However, you should also at least consider buying a deferred annuity, with payouts beginning at age 85. The period between 65 and 85 is like the deductible on your home and auto policy—it’s the risk you should budget for. The deferred annuity (also referred to as a longevity annuity) allows you to insure against only the lower-probability event with high negative impact. By not insuring against the high-probability event (living to life expectancy), we keep the cost of insurance as low as possible.
Longevity annuities are a recent product that begins payments after a specific age, say, 85 (most contracts allow for the choice of a payout age from 50-85). The benefit to having payments occur after the annuitant reaches age 85 is lower costs for larger payouts. The higher payouts are due to increased mortality credits at the end of life and the extended period of time before an annuitant begins to receive the deferred payments. So the later the start date, the higher the payments will be.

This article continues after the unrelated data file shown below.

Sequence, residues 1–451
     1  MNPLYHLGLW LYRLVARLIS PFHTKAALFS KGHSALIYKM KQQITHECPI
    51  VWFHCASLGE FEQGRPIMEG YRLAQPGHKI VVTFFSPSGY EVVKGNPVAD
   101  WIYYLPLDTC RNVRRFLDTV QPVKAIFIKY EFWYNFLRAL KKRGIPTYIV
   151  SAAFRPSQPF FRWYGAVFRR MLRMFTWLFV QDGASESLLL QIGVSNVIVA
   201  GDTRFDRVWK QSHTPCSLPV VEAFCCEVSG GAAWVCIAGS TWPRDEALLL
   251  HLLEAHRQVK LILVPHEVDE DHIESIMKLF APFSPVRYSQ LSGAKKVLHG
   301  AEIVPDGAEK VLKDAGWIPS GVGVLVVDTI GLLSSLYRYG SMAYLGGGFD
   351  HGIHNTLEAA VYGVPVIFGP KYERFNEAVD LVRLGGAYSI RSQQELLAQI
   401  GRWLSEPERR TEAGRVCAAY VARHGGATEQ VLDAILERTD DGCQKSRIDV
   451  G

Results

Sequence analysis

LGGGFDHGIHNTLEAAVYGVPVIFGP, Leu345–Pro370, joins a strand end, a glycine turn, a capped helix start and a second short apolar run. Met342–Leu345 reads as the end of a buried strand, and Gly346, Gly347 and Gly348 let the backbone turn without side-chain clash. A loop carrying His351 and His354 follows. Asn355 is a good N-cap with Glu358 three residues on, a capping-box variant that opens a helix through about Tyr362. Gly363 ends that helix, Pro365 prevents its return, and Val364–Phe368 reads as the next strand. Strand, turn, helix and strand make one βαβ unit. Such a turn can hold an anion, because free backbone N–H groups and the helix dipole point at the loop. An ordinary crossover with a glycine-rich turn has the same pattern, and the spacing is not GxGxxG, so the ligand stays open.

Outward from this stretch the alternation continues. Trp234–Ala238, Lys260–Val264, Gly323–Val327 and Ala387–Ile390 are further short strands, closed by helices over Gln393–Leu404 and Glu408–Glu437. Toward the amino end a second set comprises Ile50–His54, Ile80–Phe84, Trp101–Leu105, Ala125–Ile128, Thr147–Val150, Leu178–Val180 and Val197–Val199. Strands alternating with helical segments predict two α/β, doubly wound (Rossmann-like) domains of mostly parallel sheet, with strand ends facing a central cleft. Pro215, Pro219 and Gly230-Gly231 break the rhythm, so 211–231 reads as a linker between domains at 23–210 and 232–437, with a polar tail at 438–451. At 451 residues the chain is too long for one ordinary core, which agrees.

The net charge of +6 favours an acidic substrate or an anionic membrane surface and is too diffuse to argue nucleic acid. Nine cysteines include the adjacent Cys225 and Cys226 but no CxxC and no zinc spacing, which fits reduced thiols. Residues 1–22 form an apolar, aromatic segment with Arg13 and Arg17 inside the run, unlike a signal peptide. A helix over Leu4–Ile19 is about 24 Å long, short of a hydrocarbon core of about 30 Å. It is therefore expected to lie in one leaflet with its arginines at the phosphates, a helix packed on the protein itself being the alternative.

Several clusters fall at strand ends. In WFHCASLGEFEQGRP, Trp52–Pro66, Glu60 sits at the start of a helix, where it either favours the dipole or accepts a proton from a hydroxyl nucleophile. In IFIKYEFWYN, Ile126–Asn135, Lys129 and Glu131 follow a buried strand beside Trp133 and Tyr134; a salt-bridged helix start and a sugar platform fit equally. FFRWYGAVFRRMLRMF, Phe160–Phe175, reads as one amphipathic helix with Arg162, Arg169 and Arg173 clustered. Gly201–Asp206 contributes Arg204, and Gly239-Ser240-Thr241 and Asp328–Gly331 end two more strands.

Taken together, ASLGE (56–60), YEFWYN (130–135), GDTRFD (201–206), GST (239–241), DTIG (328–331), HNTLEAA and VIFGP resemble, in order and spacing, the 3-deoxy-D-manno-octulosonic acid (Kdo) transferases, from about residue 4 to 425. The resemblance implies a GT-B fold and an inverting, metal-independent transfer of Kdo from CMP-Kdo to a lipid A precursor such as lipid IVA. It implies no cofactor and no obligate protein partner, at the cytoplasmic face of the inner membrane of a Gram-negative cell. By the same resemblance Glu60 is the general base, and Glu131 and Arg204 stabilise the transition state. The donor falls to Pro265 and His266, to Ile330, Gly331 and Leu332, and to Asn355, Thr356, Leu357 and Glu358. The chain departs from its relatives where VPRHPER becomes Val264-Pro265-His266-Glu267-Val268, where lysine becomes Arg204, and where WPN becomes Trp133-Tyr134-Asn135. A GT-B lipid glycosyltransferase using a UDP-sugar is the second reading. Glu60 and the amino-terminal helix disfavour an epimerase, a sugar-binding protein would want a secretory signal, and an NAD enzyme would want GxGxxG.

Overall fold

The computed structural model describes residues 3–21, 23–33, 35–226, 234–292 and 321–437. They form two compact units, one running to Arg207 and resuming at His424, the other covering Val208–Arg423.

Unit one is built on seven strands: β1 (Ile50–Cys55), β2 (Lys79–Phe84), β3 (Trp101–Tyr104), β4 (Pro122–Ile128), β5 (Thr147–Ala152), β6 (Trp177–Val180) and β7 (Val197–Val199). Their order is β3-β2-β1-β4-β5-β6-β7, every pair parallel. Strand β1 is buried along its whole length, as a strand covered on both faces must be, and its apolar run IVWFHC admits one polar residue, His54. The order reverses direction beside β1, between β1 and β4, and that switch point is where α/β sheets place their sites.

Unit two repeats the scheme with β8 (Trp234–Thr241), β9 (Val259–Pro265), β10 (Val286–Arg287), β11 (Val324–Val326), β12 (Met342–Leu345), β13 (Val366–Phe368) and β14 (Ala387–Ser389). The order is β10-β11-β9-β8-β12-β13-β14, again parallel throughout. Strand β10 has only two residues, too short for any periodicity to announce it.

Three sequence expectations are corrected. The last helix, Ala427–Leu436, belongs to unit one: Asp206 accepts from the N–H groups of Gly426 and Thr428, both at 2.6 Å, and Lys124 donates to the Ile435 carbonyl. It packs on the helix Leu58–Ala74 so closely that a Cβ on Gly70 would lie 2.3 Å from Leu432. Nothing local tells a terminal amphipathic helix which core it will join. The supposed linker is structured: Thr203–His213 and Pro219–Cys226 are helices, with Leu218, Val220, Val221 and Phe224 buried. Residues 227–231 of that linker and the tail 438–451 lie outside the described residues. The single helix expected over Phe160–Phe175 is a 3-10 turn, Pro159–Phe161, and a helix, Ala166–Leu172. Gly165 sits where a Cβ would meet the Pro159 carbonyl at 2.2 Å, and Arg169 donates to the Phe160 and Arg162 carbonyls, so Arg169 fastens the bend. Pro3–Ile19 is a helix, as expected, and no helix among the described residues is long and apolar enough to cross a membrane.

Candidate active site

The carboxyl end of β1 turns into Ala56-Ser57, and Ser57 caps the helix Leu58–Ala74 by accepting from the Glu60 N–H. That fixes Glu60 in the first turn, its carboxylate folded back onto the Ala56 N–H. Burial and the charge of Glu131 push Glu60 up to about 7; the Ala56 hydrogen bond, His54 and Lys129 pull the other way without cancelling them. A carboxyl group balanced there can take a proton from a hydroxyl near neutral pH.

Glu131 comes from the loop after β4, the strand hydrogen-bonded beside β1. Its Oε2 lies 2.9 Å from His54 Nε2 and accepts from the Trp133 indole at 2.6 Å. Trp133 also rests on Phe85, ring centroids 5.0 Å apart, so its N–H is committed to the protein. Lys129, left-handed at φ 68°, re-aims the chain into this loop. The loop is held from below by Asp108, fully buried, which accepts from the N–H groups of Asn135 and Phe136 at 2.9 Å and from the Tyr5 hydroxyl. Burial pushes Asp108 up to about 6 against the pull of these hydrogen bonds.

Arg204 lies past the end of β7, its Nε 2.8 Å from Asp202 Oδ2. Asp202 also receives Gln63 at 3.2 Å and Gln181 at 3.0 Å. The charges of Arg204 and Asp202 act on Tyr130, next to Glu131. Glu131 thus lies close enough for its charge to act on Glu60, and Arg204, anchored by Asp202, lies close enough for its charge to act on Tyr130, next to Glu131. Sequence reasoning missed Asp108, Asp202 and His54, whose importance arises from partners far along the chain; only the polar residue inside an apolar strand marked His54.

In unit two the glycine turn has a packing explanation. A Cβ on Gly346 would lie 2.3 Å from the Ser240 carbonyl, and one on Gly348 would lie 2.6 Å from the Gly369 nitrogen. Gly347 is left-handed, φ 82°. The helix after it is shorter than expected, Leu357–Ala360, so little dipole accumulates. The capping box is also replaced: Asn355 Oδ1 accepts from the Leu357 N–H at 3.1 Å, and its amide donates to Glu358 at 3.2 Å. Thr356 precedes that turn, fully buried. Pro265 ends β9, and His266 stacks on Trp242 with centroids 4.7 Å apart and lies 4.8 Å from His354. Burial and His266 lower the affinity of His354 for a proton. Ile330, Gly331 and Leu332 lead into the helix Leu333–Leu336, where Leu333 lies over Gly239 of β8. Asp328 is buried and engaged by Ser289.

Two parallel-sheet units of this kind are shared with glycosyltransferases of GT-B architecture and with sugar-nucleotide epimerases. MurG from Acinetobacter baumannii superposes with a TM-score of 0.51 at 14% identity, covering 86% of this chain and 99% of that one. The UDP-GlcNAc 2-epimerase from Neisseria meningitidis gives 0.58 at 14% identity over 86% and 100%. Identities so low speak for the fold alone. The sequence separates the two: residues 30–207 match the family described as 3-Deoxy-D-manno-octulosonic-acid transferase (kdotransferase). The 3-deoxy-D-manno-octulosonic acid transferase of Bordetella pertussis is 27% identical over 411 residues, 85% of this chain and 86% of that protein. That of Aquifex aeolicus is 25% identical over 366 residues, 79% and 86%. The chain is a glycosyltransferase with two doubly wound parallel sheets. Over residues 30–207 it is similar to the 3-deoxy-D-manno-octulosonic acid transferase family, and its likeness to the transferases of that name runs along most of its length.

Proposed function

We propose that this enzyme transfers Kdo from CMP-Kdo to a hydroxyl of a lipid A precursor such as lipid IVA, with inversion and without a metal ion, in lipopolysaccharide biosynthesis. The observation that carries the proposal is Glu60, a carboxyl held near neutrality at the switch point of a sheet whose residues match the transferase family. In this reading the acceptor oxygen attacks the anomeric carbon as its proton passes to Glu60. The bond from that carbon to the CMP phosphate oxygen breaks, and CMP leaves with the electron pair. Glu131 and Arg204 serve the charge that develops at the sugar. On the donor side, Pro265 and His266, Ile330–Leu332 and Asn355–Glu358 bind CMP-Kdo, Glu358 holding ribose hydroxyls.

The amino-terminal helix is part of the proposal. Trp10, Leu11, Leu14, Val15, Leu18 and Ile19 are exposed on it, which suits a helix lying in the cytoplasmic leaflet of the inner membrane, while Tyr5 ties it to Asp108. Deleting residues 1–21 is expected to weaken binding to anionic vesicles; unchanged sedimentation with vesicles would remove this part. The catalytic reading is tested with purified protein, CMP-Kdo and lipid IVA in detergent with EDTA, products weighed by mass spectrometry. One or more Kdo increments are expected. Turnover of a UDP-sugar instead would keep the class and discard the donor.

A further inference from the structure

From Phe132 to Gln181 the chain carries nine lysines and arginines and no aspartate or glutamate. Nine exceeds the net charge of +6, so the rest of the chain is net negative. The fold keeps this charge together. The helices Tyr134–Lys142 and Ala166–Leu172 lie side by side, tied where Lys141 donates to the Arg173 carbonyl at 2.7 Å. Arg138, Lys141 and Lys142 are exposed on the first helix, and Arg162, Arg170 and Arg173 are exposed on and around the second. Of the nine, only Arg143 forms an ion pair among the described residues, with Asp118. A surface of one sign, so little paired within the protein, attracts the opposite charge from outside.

A study by Jason Scott, “The Longevity Annuity: An Annuity for Everyone?”, which appeared in the January/February 2008 issue of Financial Analysts Journal, found that for the same spending benefit, a 65-year-old with $1 million in financial assets purchasing an immediate annuity would have to annuitize more than 60% of his/her retirement assets, versus just 11% of his/her assets for a longevity annuity with the payouts beginning at age 85.
Scott also found significant improvements in spending benefits. He calculated a “longevity annuity benefit multiple,” defined as the ratio of longevity annuity spending improvement to immediate annuity spending improvement. He found that for men, the benefit ratio in terms of nominal spending favored the longevity annuity by more than 6:1, and for women by more than 5:1.